3 midshipmen spared expulsion were among first to admit guilt

April 24, 1994|By Tom Bowman | Tom Bowman,Sun Staff Writer

The three midshipmen spared from expulsion last week by the Navy's top officer were among the first to come forward and admit their guilt in the Naval Academy's largest cheating scandal -- although they found themselves among the first to be expelled last year.

Midshipmen Leonard Milliken, David Bassett and Eric Jilson, all on "leave pending separation [expulsion]" status since last April, will now receive punishment and the chance to complete their studies at the academy, Navy officials confirmed yesterday.

"It's official. It's just so very wonderful," said Linda Grunder of Pasadena, mother of Mr. Milliken, a 23-year-old varsity lacrosse player.

He was one of six midshipmen originally slated for expulsion for his part in the scandal involving an electrical engineering exam administered on Dec. 14, 1992.

For the past year and a half, the scandal has rocked the academy and struck at the heart of its strict honor concept, which states: "Midshipmen are persons of integrity: they do not lie, cheat or steal."

Mrs. Grunder said the family received a letter Friday from Rear Adm. Thomas C. Lynch, the academy's superintendent, instructing her son to report to the Naval Academy on May 27.

Mr. Milliken was working as a bartender at Rumblefish in Glen Burnie on Friday night when he was told of the news, said his mother. "I lost control," she recalled. "He just stood there and teared up."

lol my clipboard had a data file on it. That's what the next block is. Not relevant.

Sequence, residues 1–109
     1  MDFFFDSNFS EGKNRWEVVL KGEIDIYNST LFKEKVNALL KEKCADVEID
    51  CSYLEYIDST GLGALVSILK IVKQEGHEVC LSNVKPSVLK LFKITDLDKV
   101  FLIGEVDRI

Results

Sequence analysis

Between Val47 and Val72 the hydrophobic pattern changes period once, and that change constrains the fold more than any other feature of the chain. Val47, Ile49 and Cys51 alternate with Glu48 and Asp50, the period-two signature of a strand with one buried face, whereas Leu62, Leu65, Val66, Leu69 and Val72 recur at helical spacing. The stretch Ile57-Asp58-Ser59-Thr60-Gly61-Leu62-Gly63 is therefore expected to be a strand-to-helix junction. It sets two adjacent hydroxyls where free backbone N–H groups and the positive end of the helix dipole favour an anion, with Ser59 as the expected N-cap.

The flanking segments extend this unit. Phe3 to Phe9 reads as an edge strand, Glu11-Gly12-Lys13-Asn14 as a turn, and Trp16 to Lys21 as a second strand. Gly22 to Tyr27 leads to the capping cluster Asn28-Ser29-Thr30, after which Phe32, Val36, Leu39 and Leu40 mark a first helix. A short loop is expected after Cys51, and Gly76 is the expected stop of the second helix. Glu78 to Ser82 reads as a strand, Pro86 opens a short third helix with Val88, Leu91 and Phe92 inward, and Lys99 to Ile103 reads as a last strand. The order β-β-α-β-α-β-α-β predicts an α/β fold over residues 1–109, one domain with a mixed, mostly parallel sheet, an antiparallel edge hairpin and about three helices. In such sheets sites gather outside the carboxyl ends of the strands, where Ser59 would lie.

Neither Mr. Milliken nor the other two midshipmen could be reached for comment yesterday.

But in an interview earlier this year, Mr. Milliken said it wasn't until after taking the exam that they realized they had the actual questions to the final exam for Electrical Engineering 311. "People asked me why I didn't say something. . . . I was scared," he said.

Within three weeks of the test date, the three midshipmen told a company officer about their involvement and turned themselves in to Navy investigators, he said.

Many midshipmen remained silent, however, and urged others to do the same, fearing that admission was a sure way to get expelled.

The three midshipmen were among six who were ordered expelled last April by Admiral Lynch, after a probe by Navy investigators that implicated 28 midshipmen.

Complaints that not all of the guilty were caught in the scandal sparked a new probe two months later by the Navy Inspector General's Office. That probe ended in January, implicated 134 midshipmen and eventually led to recommendations that 29 be expelled.

Last week, Adm. Frank B. Kelso II, the chief of naval operations, reversed the expulsions for the three midshipmen.

"Kelso reviewed all of these [cases] and felt these people, although in violation of the honor concept, were midshipmen who could contribute to the U.S. Navy in the fleet," said a senior Navy official, who requested anonymity.

Navy officials said yesterday that it was uncertain when the three midshipmen would be allowed to graduate. Because they missed their senior year, they may face one more year at the academy.

"The right thing was done. All along, the argument has been what is honor. Lenny turned himself in," said Mrs. Grunder.

Admiral Kelso sent the remaining 26 cases to Navy Secretary John H. Dalton with recommendations for expulsion. Mr. Dalton, who will make the final decisions on those cases, is expected to release the results this week.

Sixty-two of the 134 implicated were recommended for punishment, which includes loss of privileges and leadership posts, restriction to campus, remedial honor training and late graduation. Those found to have cheated on the Electrical Engineering 311 test will have to retake it.

Nearly all those midshipmen not recommended for expulsion or punishment were exonerated.

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